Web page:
New Perspectives: Swings & Playing Can Teach You New Things About Life, Yourself, Others…
This is a post from Adrian Edward, a musician, photographer and a bit of a street philosopher. His take on life has many implications here and that’s why I am “borrowing it” and showing you his “stuff” because this man has a lot going on *inside* than music.
I have yet to meet someone that doesn’t have at least a few good memories with swings. Maybe it was their mom pushing them in the baby swings or that moment that you feel confident enough to stand up and propel yourself towards the sky, wondering if that rumor that Jimmy actually did push hard enough to spin around in a complete circle, was true? Whatever memories flood our mind, there is a similar strand of playfulness that come across all of us.
Unless of course, you were one of the unfortunate few that flew off a swing as you were trying to come down for a safe landing. Then perhaps, your memories aren’t quite so peaceful. If that is you, then today might be a good day to forgive the violent swings and go out to the park to reclaim what is rightfully yours. For the rest of us, read on.
I walked by a park the other day and was pleasantly surprised to see that despite all the technological gadgetry of the present day, the swing has managed to stay in our parks and still make little kids giggle and smile. It’s a simple concept really when you think about it: two ropes holding a horizontal plank that you sit on while you rock back and forth. As far as inventions go, this one ranks at the top of the simple list yet like all beautiful simplicity, the feelings it produces and memories it leaves with us are anything but simple.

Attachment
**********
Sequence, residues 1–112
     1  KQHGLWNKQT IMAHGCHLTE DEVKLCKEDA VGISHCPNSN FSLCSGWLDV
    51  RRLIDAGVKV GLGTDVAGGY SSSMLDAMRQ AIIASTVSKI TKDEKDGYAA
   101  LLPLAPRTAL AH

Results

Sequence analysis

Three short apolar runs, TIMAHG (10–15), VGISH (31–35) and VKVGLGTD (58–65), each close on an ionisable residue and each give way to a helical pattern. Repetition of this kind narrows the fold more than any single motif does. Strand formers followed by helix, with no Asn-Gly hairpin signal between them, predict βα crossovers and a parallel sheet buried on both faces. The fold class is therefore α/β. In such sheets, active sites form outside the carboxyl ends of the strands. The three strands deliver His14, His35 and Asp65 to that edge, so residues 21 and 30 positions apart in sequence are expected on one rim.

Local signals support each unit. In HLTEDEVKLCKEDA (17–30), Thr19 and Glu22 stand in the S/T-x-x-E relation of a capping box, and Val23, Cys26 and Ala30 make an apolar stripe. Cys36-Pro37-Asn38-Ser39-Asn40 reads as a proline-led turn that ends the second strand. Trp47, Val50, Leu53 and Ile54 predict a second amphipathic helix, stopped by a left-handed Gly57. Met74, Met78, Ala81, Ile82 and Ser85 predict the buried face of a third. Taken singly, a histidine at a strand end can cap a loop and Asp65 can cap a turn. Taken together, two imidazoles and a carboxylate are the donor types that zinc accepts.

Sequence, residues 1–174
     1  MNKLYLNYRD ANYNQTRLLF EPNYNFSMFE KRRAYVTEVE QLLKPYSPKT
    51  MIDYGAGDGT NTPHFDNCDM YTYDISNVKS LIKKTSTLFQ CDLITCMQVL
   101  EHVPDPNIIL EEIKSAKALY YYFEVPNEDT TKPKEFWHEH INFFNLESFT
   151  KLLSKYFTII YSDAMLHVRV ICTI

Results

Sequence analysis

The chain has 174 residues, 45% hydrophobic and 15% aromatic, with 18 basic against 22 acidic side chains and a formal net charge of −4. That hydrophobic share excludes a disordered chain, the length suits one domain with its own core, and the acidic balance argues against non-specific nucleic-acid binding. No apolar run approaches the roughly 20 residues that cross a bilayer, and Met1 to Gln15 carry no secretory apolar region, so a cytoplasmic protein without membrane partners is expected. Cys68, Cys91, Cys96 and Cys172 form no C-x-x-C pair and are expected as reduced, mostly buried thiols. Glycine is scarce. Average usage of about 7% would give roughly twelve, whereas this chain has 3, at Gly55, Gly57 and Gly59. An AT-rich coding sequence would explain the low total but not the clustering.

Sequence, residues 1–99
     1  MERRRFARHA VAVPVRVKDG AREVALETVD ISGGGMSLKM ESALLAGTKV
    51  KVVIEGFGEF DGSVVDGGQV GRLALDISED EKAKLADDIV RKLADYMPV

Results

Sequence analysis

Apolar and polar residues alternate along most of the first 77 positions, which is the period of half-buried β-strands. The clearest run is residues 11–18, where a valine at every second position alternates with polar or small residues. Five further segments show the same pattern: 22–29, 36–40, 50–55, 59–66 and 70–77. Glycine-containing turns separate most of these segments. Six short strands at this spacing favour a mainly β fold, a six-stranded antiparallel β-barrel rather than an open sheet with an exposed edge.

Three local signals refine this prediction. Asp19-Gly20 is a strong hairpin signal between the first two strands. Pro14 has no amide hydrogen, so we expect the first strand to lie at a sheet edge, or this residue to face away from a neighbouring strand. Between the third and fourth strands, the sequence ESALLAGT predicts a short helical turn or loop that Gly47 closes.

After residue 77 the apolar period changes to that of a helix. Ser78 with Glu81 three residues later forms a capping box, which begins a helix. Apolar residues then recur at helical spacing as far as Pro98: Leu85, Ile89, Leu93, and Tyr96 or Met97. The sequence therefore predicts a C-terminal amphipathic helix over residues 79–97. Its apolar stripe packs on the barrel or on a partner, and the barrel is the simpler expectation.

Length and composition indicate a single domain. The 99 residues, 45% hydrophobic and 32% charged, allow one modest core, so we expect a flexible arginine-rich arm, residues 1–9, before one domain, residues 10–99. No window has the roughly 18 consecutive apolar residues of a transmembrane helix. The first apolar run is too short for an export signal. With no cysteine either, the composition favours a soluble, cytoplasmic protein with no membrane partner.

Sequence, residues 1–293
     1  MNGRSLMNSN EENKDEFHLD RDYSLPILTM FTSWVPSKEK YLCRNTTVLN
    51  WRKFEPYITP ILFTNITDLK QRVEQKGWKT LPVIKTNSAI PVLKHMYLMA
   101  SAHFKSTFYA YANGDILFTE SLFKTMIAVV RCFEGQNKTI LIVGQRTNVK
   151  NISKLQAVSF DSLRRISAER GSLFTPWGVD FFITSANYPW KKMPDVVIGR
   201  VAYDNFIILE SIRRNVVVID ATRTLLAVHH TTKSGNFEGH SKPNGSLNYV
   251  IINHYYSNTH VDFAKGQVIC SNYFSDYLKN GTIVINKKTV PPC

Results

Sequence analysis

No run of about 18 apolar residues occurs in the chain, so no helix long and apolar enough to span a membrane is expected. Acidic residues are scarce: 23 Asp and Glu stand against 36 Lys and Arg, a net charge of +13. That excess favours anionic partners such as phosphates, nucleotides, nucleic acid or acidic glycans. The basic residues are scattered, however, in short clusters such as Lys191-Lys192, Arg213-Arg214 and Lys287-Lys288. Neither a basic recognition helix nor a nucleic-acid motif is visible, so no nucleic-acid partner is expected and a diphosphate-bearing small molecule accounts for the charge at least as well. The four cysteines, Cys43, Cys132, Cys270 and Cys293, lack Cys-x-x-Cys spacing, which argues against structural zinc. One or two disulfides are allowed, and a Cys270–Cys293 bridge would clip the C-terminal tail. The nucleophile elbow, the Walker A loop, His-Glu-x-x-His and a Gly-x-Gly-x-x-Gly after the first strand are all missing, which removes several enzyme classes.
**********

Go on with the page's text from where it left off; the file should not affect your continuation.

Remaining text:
I think my favorite part of the swings is that although you can ultimately push yourself if need be, the true art and enjoyment of the swing is to push each other. Typical playground conversations go as follows:
“No, you push me first.”
“I asked you first.”
“Okay, but then we switch.”
“Wait, but for how long each turn?”
“Don’t push me too high.”
“Oh, you’re going high, real high”, you would secretly think in your head but respond with an evil and unassuring “okay.”
Whether it’s the swings, the see-saw or monkey bars, the playground is full of simple devices that are no more complicated than they need to be and yet provide a range and depth of experience that little in our adult life can compare to. Living simply isn’t as easy as it sounds and living simply with such enthusiasm as a day in the park isn’t even less simple but that doesn’t mean we can’t learn.
We’ve been told that sometimes we need to take two steps back to move one step forward. Well, I’m thinking we need to take a few more steps back and start swinging, then we might start getting somewhere.
You don’t even need to ask, I’ll push you first.